2 All's well.] I fuppofe the poet originally. wrote (that the preceding verfe might be completed,)- Sir, all is well."



At your kind'ft leifure.

MACB. If you fhall cleave to my confent,-when


3 If you shall cleave to my confent,-when 'tis,] Confent for will. So that the fenfe of the line is, If you fhall go into my measures when I have determined of them, or when the time comes that I want your affiftance. WARBURTON.

Macbeth expreffes his thought with affected obfcurity; he does not mention the royalty, though he apparently had it in his mind. If you fhall cleave to my confent, if you fhall concur with me when I determine to accept the crown, when 'tis, when that happens which the prediction promifes, it shall make honour for you. JOHNSON.

Such another expreffion occurs in Lord Surrey's tranflation of the second Book of Virgil's Æneid:

"And if thy will stick unto mine, I fhall

"In wedlocke fure knit, and make her his own." Confent has fometimes the power of the Latin concentus. Both the verb and fubftantive, decidedly bearing this fignification, occur in other plays of our author. Thus, in K. Henry VI. P. I. fc. i : fcourge the bad revolting stars


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"That have confented to king Henry's death ;.” i.e. acted in concert fo as to occafion it. Again, in King Henry IV. P. II. A& V. fc. i: -they (Juftice Shallow's fervants) flock together in confent, (i. e. in a party,) like fo many wild geefe." In both thefe inftances the words are spelt erroneoufly, and fhould be written concent and concented. See Spenfer, &c. as quoted in a note on the paffage already adduced from King Henry VI.

The meaning of Macbeth is then as follows:-If you shall cleave to my confent-i. e. if you shall stick, or adhere, to my party when'tis, i. e. at the time when such a party is formed, your conduct fhall produce honour for you.

That confent means participation, may be proved from a pasfage in the 50th Pfalm. I cite the tranflation 1568: "When thou fawedft a thiefe, thou dydft confent unto hym, and haft been partaker with the adulterers." In both instances the particeps criminis is spoken of.

Again, in our author's As you like it, the ufurping Duke fays, after the flight of Rofalind and Celia―

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fome villains of my court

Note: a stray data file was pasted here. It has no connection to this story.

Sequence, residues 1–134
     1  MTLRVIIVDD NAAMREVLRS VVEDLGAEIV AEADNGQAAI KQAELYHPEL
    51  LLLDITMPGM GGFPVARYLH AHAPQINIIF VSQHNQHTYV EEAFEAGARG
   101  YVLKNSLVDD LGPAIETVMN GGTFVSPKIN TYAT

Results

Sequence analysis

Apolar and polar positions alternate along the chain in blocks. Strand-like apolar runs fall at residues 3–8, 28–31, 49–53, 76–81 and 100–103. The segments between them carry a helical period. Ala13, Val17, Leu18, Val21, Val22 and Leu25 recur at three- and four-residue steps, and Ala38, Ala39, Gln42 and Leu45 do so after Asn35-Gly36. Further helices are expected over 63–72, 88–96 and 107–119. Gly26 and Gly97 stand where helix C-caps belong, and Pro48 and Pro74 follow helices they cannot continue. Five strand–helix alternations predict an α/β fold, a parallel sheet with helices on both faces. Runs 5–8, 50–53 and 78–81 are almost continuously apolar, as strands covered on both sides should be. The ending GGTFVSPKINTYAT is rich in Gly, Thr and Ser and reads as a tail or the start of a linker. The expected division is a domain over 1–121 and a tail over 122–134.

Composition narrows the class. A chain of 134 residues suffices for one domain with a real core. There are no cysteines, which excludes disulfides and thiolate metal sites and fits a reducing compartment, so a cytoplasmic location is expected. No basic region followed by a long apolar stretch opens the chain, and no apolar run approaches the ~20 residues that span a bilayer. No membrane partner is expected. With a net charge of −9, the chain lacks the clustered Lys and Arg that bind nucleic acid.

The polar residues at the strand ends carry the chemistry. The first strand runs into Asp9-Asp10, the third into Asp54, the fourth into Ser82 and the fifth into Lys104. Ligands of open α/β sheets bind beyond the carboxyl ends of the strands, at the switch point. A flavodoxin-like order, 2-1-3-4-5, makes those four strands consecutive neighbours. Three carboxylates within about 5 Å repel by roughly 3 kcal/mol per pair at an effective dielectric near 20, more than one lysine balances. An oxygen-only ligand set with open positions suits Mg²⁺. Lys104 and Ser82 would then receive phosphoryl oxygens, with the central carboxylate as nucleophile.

"Are of confent and sufferance in this."


It fhall make honour for you.


Again, in King Henry V:

So I lofe none,

"We carry not a heart with us from hence,

"That grows not in a fair confent with ours.'

Macbeth mentally refers to the crown he expected to obtain in confequence of the murder he was about to commit. The commentator,, indeed, (who is acquainted with what precedes and follows,) comprehends all that paffes in the mind of the fpeaker; but Banquo is fill in ignorance of it. His reply is only that of a man who determines to combat every poffible temptation to do ill; and therefore expreffes a refolve that in fpite of future combinations of intereft, or ftruggles for power, he will attempt nothing that may obfcure his prefent honours, alarm his confcience, or corrupt his loyalty.

Macbeth could never mean, while yet the fuccefs of his attack on the life of Duncan was uncertain, to afford Banquo the most dark or diftant hint of his criminal defigns on the crown. Had he acted thus incautioufly, Banquo would naturally have become his accufer, as soon as the murder had been discovered.


That Banquo was apprehenfive of a defign upon the crown, is evident from his reply, which affords Macbeth fo little encouragement, that he drops the fubject. RITSON.

The word confent has always appeared to me unintelligible in the firft of thefe lines, and was, I am perfuaded, a mere error of the prefs. A paffage in The Tempeft leads me to think that our author wrote-content. Antonio is counselling Sebaftian to murder Gonzalo :

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that you bore

"The mind that I do; what, a fleep were there

"For your advancement! Do you understand me ?
"Seb. I think I do.


And how does your content

Thy thoughts I cleave to,"

"Tender your own good fortune?”

In the fame play we have

which differs but little from " I cleave to thy content.”

In The Comedy of Errors our author has again used this word in the fame fense:

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Sir, I commend you to your own content."

Again, in All's well that ends well:

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Madam, the care I have taken to even your content,